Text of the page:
Unix: Making better use of the find command

The find command is one of the most basic Unix commands, but that doesn't mean you're making good use of its many features.

Just because a Unix command is one those most of us learn within the first few hours of our exposure to a Unix/Linux OS doesn't mean we have grasped the many ways in which it can be used to make our systems administration work easier. The find command is extremely versatile and can locate files on more criteria than many of us may realize. We can also make use of the find command for other tasks than just locating files. For example, for removing, moving, or changing files in some way. The most obvious use of the find command is to find files by name.

$ find . -name tryme*
Putting -print at the end of your find commands is optional. But use -print0 if, for some reason, you want all the found files to be listed on a single line with no spaces between them.
$ find . -name tryme* -print0
Did you know that there's also an option that allows you to search by name independent of the case in which those file names are expressed? Try -iname instead of -name and you can do just that.
$ find . -iname tryme*
You can also use the find command to locate files by their owners or by the groups associated with those files.
# find / -type f -user bguy
# find / -group admins
# find / -gid 99
$ find -user shs
Notice how the starting point is also optional (see the fourth command above). The find command will start its search in the local directory if no start point is provided. Maybe you want to locate all of the symbolic links within your home directory and see what they point to (as opposed to what those directories contain)? No problem, try this:
$ find . -type l | xargs ls -ld
lrwxrwxrwx 1 shs staff 5 Dec  7 18:36 ./scripts -> ./bin
lrwxrwxrwx 1 shs staff 4 Nov 23 15:27 ./tmp -> /tmp
If we'd just run find . -type l in the above command, we'd be viewing the files in /tmp and the local bin directory. Or maybe we just want the names of the links to be listed and not what they point to. If so, you could do this:
$ find . -type l -print | xargs ls -ld | awk '{print $9}'
But, of course, all we really need is this:
$ find . -type l -print
If you want to find files by type, but only want to look in top level directories, not directories, subdirectories, third level directories, etc., you can limit how far your find command will dig through your files by setting a -maxdepth limit:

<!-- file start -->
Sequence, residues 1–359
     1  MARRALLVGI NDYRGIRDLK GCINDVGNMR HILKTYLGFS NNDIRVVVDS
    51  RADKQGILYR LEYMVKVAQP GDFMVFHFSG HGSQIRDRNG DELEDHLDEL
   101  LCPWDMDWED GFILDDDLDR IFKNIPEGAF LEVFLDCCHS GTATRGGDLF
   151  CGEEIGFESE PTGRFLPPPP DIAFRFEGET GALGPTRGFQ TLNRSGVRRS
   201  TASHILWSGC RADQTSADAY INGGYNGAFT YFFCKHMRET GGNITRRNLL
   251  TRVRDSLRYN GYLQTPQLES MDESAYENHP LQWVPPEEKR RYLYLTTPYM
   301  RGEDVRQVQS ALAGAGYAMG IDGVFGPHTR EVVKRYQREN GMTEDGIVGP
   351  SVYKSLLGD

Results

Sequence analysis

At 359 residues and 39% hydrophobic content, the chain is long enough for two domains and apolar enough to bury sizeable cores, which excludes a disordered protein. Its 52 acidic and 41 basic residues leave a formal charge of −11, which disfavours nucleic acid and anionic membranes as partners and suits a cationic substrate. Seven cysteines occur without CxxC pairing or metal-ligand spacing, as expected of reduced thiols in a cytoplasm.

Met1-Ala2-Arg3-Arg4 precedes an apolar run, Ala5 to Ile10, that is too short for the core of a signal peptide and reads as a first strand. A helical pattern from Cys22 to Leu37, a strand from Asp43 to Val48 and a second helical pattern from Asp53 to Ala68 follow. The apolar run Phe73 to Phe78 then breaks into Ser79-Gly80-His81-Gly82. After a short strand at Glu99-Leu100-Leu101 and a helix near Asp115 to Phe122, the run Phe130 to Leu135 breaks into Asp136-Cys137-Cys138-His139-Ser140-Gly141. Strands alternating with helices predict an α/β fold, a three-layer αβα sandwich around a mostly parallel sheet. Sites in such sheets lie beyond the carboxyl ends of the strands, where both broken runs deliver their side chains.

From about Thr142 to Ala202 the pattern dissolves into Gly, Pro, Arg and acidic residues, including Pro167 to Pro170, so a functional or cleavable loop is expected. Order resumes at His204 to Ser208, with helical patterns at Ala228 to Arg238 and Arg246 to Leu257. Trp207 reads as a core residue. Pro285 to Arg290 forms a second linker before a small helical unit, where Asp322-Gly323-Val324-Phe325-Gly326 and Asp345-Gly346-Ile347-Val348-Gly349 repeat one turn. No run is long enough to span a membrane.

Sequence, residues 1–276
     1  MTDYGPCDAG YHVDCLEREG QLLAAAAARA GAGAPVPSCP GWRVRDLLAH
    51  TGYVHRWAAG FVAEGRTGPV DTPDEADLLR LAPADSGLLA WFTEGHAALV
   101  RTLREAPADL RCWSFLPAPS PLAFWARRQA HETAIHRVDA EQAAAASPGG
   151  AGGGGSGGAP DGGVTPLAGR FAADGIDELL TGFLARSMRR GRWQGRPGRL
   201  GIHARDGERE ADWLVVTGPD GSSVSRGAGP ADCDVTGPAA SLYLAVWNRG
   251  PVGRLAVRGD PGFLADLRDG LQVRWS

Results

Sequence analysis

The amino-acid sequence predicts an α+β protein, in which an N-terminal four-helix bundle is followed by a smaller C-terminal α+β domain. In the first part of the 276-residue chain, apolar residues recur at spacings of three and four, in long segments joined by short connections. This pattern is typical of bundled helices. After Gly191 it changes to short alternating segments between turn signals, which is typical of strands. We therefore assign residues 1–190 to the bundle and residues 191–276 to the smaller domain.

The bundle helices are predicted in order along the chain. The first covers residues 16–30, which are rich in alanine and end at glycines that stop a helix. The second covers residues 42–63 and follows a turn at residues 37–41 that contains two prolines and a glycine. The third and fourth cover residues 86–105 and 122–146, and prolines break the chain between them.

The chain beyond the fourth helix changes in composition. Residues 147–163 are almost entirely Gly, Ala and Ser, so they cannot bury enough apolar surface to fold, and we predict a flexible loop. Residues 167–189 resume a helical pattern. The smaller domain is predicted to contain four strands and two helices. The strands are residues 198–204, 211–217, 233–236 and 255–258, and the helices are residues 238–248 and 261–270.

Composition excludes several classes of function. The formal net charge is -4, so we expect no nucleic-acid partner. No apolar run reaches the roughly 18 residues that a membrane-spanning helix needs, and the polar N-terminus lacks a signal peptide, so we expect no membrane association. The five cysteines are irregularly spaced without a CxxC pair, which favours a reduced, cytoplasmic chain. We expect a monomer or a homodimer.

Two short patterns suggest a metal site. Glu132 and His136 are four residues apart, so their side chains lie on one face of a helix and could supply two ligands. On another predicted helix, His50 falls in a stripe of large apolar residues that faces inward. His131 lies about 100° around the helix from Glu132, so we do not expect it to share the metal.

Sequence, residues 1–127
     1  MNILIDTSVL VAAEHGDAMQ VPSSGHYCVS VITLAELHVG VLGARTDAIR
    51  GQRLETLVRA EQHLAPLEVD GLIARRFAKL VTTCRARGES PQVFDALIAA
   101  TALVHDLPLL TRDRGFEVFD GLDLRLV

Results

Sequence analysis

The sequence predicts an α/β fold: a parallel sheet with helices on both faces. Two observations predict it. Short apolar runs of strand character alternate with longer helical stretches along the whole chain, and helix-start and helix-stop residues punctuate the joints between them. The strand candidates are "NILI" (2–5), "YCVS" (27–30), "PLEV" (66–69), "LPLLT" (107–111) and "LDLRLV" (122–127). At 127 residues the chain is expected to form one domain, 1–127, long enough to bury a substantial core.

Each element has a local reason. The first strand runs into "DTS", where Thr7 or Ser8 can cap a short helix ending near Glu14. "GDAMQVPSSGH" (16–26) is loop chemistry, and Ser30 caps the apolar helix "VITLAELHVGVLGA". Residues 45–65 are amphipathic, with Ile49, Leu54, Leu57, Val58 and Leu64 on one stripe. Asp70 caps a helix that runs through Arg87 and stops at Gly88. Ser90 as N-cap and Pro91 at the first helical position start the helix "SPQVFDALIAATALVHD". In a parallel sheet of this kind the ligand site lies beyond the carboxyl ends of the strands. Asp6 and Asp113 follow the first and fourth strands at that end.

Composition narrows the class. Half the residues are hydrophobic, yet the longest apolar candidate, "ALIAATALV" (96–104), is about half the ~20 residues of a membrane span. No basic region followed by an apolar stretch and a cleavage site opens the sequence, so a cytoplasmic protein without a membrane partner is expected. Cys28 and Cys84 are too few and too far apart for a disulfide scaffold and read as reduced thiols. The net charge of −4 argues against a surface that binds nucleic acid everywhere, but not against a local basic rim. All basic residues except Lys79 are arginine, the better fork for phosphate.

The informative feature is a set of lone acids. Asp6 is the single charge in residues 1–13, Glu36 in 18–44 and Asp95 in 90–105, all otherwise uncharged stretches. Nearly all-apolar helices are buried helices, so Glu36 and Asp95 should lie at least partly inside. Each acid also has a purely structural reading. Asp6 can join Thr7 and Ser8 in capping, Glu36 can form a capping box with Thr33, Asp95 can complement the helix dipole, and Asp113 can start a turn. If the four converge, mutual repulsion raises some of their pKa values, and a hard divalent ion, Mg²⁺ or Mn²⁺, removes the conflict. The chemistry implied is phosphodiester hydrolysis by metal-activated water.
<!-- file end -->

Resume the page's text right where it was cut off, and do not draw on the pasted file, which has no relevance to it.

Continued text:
$ find . -maxdepth 1 -type d
Change the 1 to a 2 if you want to search directories and subdirectories, but not go any further. We can also look for files based on their ages or their size. Here's a command that will only list files that contain between 1,000 and 10,000 characters.
$ find . -size +1000c -size -10000c -print
Here's one that will list files larger 10,000 characters:
$ find . -size +10000c
And, as you might already know, it's no longer necessary to tack -print on to the end of your find command. That's the default action and the find command will assume this when you don't specify some other action. You can also use the find command to locate files with specific permissions. Not many files will require 777 (giving everyone read, write, and execute access). So, maybe you want to look for them and maybe you want to use the -ls option to show a long listing to confirm those settings.
$ find . -type f -perm 777 -ls
15089878    4 -rwxrwxrwx   1 shs      staff        31 Mar  1 15:22 ./bin/runme
Another good use for find is to find files with the setuid or setgid bit set:
$ find . -perm -4000 -o -perm -2000
$ find . -perm -4000 -o -perm -2000 | xargs ls -l
-rwsr-xr-x 1 shs staff  79 Aug 31 15:19 ./bin/showday
-rwsr-sr-x 1 shs staff 100 Jul 11  2010 ./bin/try3
Note that the "000" in the permissions spec does not mean that no other permissions are set. You might especially want to look for files with these settings that are owned by root:
# find / -user root -perm -4000 -o -perm -2000
The find command also allows you to search for files by timestamp. The -mtime (last modification time), -atime (last access time), and -ctime (last status change time) can all be used in find commands. This command will find files that have been changed in the last 10 days:
$ find . -mtime -10 -ls
There are two ways to add an action to the end of a find command. One is to use the -exec option. The other is to pass the output of the find command to xargs for further processing. Both work well. Some admins strongly favor one approach over the other, but I'm impartial. Here's one command to show the top line of any file named "xyz":
$ find . -name xyz -exec head -1 {} \;
Here's another:
$ find . -name xyz | xargs head -1
==> ./xyz <==
You can also use the find command to copy files to particular directories. Say you want to copy a file to every top level directory. You might use a command like this:
$ find . -maxdepth 1 -type d -exec cp .htaccess {} \;
This command says "find every top level directory in the current location and copy the .htaccess file to it". You can use the -newer option to find files that are newer than some particular file. There doesn't seem to a similar option for older.

$ find . -maxdepth 1 -type f -newer newfile

The find command can be extremely useful for detecting and resolving problems on your systems.

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